Sermon for Sunday December 11th, 2016, the Third Sunday in Advent


Lessons: Isaiah 35:1-10, Psalm 146:4-9, James 5:7-10

Text: James 5:7-10

Topic: Be patient for the coming of the Lord.


We are not a patient people. A survey of 1,003 adults done in 2006 by the Associated Press and Ipsos discovered the following:

• While waiting in line at an office or store, most people take an average of seventeen minutes to lose their patience.

• On hold on the phone most people lose their patience in nine minutes.

• Women lost their patience after waiting in line for about eighteen minutes. Men lost it after fifteen minutes.

• People with lower income and less education are more patient than those with a college education and a high income.

• People who live in the suburbs are more patient than people who live in the city.

— Trevor Tompson, “Impatience-Poll Glance,” (May 28, 2006)

For the early first century Christian, being patient until the Lord’s second coming was not understood as a patient wait that might last two or more millennia. Many thought the Lord Jesus would come again very soon. Today’s Christian in the west would probably think that there are plenty of things to do, sights to see and pleasures in life for one to be quite well occupied until the Lord’s second coming. But to think like this is to miss the meaning of St. James’s exhortation to be patient.


In the passage preceding today’s lesson from chapter 5 of St. James’s Epistle, he castigates the wealthy people who have exploited the poor, and ends with this accusation, “Ye have condemned and killed the just; and he doth not resist you.” (James 5:6, KJV) A reading of James 5:1-5 informs us that the chief crime of the wealthy against their laborers or employees is keeping back their wages by fraud, that is, by depriving them of wages which should have been paid to them. The just man has not resisted the wealthy employers that do this. In the light of these conditions, St. James calls upon his readers to be patient until the Lord comes. He urges them to be patient because those who oppress the poor by depriving them of wages, and in that sense, “condemning and killing” them will themselves meet with destruction at the coming of the Lord. Because of the certainty of judgment for the rich oppressors, Christians must be patient in their trials, enduring such oppressive conditions submissively until the Lord comes.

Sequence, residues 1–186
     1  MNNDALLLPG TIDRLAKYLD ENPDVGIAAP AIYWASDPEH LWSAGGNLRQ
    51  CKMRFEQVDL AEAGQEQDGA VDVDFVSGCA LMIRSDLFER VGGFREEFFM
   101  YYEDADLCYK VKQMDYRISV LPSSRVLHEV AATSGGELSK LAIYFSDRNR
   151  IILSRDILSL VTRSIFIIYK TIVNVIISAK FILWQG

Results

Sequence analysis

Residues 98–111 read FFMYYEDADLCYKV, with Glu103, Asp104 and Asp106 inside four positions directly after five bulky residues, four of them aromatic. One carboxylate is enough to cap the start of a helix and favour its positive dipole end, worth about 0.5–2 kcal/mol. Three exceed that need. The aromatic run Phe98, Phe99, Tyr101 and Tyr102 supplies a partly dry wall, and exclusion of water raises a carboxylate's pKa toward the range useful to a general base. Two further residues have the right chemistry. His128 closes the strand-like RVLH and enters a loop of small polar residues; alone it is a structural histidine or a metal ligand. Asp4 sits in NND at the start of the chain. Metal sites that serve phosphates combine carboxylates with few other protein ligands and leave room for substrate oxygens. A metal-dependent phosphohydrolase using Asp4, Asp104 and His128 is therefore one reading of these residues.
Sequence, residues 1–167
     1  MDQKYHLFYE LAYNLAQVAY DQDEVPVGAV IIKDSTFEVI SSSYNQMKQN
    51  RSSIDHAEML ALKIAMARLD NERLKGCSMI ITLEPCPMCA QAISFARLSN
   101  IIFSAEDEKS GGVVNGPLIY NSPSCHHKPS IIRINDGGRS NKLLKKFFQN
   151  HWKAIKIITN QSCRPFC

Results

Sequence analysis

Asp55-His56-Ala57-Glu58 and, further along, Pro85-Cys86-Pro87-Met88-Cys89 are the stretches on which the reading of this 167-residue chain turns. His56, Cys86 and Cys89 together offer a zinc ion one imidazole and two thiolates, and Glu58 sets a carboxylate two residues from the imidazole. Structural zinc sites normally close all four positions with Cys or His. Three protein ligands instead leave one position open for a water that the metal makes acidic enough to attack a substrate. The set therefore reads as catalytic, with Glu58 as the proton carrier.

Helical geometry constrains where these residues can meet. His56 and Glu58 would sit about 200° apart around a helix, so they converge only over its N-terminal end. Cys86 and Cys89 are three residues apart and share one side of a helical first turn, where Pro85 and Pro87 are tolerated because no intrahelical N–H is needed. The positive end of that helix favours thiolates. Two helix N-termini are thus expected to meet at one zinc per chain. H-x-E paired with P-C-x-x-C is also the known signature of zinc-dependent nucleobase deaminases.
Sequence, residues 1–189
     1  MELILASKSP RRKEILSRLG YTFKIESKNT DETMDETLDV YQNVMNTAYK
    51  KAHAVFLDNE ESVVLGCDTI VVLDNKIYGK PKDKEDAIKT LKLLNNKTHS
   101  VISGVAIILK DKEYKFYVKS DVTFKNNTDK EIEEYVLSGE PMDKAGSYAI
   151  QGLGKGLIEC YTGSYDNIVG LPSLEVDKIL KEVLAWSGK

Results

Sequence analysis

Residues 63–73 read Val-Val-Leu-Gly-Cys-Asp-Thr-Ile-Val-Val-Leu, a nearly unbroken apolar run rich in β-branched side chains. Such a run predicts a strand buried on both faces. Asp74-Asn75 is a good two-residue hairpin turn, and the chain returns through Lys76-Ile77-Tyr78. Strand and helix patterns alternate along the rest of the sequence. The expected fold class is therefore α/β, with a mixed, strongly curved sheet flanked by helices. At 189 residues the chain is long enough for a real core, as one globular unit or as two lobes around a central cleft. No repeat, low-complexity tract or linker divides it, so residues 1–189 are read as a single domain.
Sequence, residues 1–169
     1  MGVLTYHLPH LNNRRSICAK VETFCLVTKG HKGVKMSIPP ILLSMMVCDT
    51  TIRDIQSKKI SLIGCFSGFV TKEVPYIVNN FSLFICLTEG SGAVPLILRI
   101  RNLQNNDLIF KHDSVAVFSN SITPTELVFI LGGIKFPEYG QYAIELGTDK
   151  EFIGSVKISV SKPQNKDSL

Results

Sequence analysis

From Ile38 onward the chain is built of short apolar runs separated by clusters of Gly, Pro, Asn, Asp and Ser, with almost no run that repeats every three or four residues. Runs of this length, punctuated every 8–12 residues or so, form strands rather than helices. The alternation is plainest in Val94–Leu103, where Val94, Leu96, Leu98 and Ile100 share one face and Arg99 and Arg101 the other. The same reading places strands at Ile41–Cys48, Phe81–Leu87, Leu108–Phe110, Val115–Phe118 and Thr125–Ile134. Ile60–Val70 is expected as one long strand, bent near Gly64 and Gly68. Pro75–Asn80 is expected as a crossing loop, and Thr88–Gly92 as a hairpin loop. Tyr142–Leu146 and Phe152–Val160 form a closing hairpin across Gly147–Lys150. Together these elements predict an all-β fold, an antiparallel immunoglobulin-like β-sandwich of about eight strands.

St. James uses the patience of the farmer as one example for Christians to follow. The farmer in the ancient Middle East had to rely on and wait for the early, autumnal rain, as well as for the late spring rain, and he waited until harvest time to receive his crop. These days in California, many farmers have to use irrigation, since if they relied on rain alone, they might never have a crop in this drought. But even today’s farmers have to wait for harvest time to reap their crops. Now St. James knew that the farmer generally wouldn’t be waiting years and years for corn or other crops to reach harvest stage. The farmer’s patience is only an example, since the interval between seed and harvest is long, but not as long as the interval between the creation of mankind, and the second coming of the Lord Jesus Christ. In commending the example of the farmer’s patience to Christians, St. James is really implying that they need the patience of the Lord who waits for the spiritual harvest time before He comes again. It might be many years before the Lord comes again, and greater patience than a farmer’s is needed, but a patience that recognizes even sinfulness in the world has a growth process from seed to harvest, when it shall be judged.